Don't Fix Wall Street, Replace It
Trying to solve this crisis with the same tools that created it is the definition of insanity.
Why not an economy of real wealth?
The current economic debate centers on how best to revive our existing economic system through some combination of a Wall Street bailout and a job-creating economic stimulus package. That amounts to trying to revive an economic system that has failed in every dimension: financial, social, and environmental. Rather than prop up a failed system, we should use the current financial crisis as the opportunity to create a system that works. Trying to solve the crisis with the same tools that caused it is the definition of insanity.
As individuals, we humans appear to be an intelligent species. Collectively, however, our behavior ranges from supremely wise to suicidal. Our current collective economic insanity is the product of an illusion—a belief, cultivated by the prevailing economic orthodoxy, that money is wealth and that making money is the equivalent of creating wealth.
Money is merely an accounting chit with no intrinsic value—it is useless until we exchange it for something of real value. Wall Street’s specialty is creating money for rich people without the exertion of producing anything of corresponding real value. They increase their claims against real wealth without increasing the supply of goods, making it harder for the rest of us to meet our needs.
Real wealth is, first of all, the tangible things that support life—food, shelter, clothing. Of course, the most valuable forms of real wealth are those that are beyond price: love; a healthy, happy child; a job that provides a sense of self-worth and contribution; membership in a strong, caring community; a healthy vibrant natural environment; peace. Our Wall-Street-driven economic system makes fantastic amounts of money and actively destroys all these many forms of real wealth.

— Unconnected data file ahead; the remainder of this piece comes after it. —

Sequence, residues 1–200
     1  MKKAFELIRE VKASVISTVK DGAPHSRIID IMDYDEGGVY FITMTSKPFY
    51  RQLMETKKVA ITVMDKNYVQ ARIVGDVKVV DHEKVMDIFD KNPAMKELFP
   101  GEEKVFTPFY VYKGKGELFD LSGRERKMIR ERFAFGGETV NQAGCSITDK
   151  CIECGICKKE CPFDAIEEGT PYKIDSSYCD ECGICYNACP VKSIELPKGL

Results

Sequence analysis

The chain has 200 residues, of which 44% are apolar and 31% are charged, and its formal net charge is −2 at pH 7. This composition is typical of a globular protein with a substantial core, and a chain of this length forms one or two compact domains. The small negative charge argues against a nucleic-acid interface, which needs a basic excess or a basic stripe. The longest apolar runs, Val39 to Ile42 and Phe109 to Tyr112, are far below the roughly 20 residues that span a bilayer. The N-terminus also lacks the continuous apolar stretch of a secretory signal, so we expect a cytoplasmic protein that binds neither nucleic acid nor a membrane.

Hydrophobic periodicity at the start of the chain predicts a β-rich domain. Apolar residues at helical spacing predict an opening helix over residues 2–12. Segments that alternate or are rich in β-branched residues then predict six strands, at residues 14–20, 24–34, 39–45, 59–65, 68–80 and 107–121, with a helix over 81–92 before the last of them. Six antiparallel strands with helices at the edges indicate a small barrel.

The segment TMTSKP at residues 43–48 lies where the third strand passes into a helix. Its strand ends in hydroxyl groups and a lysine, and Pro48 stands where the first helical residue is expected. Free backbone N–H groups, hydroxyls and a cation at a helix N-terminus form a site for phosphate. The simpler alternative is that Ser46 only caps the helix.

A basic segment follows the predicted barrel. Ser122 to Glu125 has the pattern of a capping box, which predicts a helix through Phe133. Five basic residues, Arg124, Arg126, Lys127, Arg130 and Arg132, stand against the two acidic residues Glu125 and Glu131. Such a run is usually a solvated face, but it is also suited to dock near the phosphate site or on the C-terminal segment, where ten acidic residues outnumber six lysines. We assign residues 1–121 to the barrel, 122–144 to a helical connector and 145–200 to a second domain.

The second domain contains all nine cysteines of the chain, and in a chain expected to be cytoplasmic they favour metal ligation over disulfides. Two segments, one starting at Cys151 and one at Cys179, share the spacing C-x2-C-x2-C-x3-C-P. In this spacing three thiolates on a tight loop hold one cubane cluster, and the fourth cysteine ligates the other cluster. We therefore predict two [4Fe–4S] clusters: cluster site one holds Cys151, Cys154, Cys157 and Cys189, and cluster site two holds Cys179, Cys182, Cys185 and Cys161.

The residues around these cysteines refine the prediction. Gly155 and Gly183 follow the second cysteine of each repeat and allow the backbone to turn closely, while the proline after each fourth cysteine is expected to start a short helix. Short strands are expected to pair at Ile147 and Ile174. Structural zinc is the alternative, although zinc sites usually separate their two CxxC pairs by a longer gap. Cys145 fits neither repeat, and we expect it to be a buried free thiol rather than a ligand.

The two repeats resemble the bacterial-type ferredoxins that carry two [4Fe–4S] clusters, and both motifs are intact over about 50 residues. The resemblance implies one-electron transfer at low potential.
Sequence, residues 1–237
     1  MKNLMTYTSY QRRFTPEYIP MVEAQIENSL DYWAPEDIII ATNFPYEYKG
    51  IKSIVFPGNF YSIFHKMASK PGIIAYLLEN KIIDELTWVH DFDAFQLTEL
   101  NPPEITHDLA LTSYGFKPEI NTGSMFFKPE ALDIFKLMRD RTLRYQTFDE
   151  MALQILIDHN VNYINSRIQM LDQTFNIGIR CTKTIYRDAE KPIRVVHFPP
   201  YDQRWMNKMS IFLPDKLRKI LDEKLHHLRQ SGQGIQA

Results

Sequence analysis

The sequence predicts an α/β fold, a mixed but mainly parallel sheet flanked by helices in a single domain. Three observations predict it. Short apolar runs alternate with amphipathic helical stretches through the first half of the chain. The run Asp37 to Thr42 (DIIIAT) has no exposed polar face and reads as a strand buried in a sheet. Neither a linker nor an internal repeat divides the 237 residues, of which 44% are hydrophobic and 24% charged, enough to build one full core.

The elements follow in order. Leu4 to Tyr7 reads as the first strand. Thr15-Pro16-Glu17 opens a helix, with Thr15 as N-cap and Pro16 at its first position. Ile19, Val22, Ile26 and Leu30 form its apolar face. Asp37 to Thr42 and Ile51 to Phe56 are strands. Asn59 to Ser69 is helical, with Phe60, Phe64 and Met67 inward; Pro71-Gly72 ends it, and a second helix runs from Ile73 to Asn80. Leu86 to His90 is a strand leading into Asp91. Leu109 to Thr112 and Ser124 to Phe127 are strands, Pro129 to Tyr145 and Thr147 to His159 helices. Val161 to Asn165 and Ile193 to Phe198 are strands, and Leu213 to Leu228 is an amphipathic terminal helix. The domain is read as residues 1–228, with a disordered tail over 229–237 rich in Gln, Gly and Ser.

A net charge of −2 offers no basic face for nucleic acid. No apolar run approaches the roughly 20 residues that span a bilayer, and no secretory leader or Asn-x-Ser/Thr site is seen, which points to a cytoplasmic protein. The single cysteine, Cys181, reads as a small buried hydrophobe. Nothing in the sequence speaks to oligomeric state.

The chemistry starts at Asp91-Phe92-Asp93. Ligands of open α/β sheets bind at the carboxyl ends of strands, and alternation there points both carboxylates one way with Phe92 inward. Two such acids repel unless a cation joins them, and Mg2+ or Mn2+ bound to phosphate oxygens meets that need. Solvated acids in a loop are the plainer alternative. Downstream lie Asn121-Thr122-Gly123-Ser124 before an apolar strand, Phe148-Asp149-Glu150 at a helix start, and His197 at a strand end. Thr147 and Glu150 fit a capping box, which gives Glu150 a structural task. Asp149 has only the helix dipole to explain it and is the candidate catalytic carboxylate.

We have been in thrall to a pervasive cultural story, continuously reinforced by academics, government officials, and corporate media, which led us to believe our economy was functioning splendidly even when it was quite literally killing us. You have heard this story many times:
“Economic growth, as measured by Gross Domestic Product, creates the wealth needed to provide material abundance for all, increase human happiness, end poverty, and heal the environment. The faster we consume, the faster the economy grows and the wealthier we become as the rising tide lifts all boats.”
The logical conclusion from this story is that the faster we convert useful resources to toxic garbage, the richer we are. The only true beneficiaries of this obviously stupid idea are a few very rich people who reap financial gains from every economic transaction—whether the transaction cures a disease or clearcuts a rainforest. It is a system that deifies money and dilutes wealth.
In contrast, the Main Street economy is comprised of local businesses and working people who produce real goods and services to meet the real wealth needs of their communities. It has been battered and tattered by the predatory intrusions of Wall Street corporations, but it is the logical foundation on which to build a new, real wealth economy of green jobs and green manufacturing, responsible community-oriented businesses, and sound environmental practices.
Let Wall Street corporations and their phantom wealth machine slip into the abyss of their own making. Devote our public resources to building and strengthening Main Street businesses and financial institutions devoted to creating real wealth in service to their local communities.
David Korten wrote this article for the Spring 2009 issue of YES! Magazine, Food for Everyone. David's latest book is Agenda for a New Economy: From Phantom Wealth to Real Wealth (published by Berrett-Koehler, Feb 2009). Read an extract. David is also the author of the international bestseller When Corporations Rule the World and The Great Turning: From Empire to Earth Community. He is co-founder and board chair of YES! Magazine, and a board member of the Business Alliance for Local Living Economies.
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